Page 31

n your old & broken


Richmond Review · Page 31

Friday, September 14, 2012




Half-price Port Mann Bridge tolls unveiled Unlimited monthly pass, other incentives also offered by Jeff Nagel

they get the full time $1 at first instead of $1.50 and have the opsavings.” Drivers who register tion of a $50 monthly get a free windshield pass. decal that acts as a tranDrivers who don’t regsponder that’s detected ister before March will by the electronic tolling pay the full tolls ($3 for standard vehicles), system. Provincial officials say which are set to kick in registered accounts for all users in December set up for automatic of 2013. monthly payment mean Unregistered drivers less money will be spent who don’t pre-pay or mailing out invoices to pay within seven days of non-registered users crossing will be invoiced who are detected by and charged a $2.30 prolicence plate cameras. cessing fee, which will be The cameras aren’t com- waived for the first three pletely accurate either, months. so some revenue is lost The electronic tolling that way. Transportation Investment Corp. CEO Mike Proudfoot said the aim is get 80 per cent of bridge users registered, instead of the industry standard of about 60 per cent, and the extra efficiency would cover the cost of the reduced first-year rates. Another reason for the break is construction on parts of the Highway 1 corridor will also continue next year, as will work on the South Fraser Perimeter Road (SFPR). The northeast section of the SFPR in Surrey will open by December, carrying motorists who don’t want to pay tolls on the Port Mann Bridge to the free Pattullo Bridge. Construction on the rest of the perimeter road will continue until late 2013, when it will also open up a free alternate route to the Alex Fraser Bridge and Massey Tunnel. Heavy trucks won’t •get earrings any introductory on the previously • earrings •break bracelets announced $9 tolls for bracelets •the rings Port Mann, • but they will pay half price if • rings • gold charms they cross at night between 9 •p.m. dental and 5gold a.m. • gold charms cars gold •ordental • Lighter broken trucks chains pulling trailers will pay • broken chains •$4.50 goldinnuggets the introductoperiod, instead of $6,nuggets •rysterling silver• gold and they’ll be offered a •monthly sterling silver •$225 sterling flatware unlimited • sterling flatware •pass. coins Motorcyclists will pay

system is to operate seamlessly with the one on TransLink’s Golden Ears Bridge, and the two bridges will move to a common payment system early next year. The province says the new bridge will chop commute times in half and save commuters up to an hour a day. The $3.3-billion infrastructure project is the largest in B.C. history. NDP transportation critic Harry Bains, who favoured lowering or eliminating the tolls in the first year since motorists

to take in $100 million in tolls in its first year – even with the discounts. Public unrest about Port Mann tolls have led some drivers to vow to boycott the new span. “You’re just going to move a bottleneck from one area to another,” Bains said, referring to concern drivers who refuse to pay will clog other roads in Surrey, Delta, New Westminster and Burnaby. “We believe there’s sufficient capacity to handle the people who might go elsewhere,”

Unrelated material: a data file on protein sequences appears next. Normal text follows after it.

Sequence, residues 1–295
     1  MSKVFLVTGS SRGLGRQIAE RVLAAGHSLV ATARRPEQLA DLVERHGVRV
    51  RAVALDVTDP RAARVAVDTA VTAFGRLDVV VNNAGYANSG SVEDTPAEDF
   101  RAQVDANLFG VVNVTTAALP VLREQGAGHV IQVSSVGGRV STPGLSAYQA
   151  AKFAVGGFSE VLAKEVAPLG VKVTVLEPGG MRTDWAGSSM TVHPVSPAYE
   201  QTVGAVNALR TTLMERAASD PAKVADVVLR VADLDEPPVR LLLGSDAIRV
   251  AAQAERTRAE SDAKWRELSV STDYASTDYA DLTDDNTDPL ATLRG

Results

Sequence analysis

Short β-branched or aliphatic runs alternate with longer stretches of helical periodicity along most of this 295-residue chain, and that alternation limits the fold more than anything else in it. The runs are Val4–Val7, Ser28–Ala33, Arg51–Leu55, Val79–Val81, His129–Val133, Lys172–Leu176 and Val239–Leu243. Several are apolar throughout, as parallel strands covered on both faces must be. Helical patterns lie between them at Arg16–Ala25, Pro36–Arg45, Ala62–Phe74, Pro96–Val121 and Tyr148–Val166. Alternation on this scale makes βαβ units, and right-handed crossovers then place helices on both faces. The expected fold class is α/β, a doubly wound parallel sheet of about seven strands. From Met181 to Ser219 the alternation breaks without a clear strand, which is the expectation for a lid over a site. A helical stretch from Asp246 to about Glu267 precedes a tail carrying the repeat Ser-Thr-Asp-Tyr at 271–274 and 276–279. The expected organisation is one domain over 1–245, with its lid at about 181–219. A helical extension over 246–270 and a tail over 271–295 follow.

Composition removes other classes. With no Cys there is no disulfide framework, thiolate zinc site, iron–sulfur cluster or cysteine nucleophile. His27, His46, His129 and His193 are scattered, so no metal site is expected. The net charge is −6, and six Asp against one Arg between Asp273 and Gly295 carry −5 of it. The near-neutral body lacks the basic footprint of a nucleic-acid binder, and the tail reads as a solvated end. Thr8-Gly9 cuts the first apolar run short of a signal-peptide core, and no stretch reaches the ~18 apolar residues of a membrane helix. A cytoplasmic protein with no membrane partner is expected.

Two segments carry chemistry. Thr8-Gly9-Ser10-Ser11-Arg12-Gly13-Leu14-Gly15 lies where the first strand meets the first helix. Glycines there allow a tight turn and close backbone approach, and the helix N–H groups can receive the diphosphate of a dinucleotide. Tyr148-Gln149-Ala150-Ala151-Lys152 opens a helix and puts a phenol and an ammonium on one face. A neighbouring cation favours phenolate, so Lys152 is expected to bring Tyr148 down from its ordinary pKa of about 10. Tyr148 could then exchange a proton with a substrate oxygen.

wouldn’t yet have access to the whole bridge, nevertheless called it a “desperate attempt” by the government to shore up votes ahead of the provincial election. Tolls are required by law to cover the entire $3.3-billion cost of the Port Mann/Highway 1 Improvement project over its 40-year contract – including construction, operation and maintenance by the private partners and the financing costs of the provincial government. The bridge is expected

Polak responded, predicting once drivers try the bridge it will “change quite a few minds.” Polak said she’s “absolutely confident” a new Port Mann rapid bus running from Langley to Burnaby will be operating despite TransLink’s lack of funding for it. Ministry officials said there are no plans to charge to park at the new Langley park-andride, but the province will turn it over to TransLink, which would decide if fees were to be charged.

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Drivers crossing the new Port Mann Bridge will pay $1.50 a trip – half the price previously announced – as an introductory toll, and the provincial government is dangling more incentives to encourage users to sign up early. The cut rate applies for the first three months – until the end of February – but those who register for a tolling account by then will be guaranteed the halfprice toll for the first year, Transportation Minister Mary Polak announced Wednesday. And those who sign up by Nov. 30 also get a $30 credit, equivalent to 20 free crossings. A further 25-per-cent discount previously promised for registered HOV lane users during peak hours will apply on top of the introductory rate, meaning commuters who car pool will pay $1.13 per crossing for the first year. Frequent bridge users can also opt for an unlimited pass –  $75 per month for standard vehicles that register early. The introductory discount is being justified on the basis that only eight of 10 lanes of the new bridge will be operational when it opens in December, as the final two can’t be used through 2013 while the old bridge is being dismantled. “We concluded we could and should sharpen our pencils on the initial toll rate,” Polak said. “Drivers shouldn’t have to pay the full toll until


Black Press

Richmond Review, September 14, 2012  

September 14, 2012 edition of the Richmond Review

Richmond Review, September 14, 2012  

September 14, 2012 edition of the Richmond Review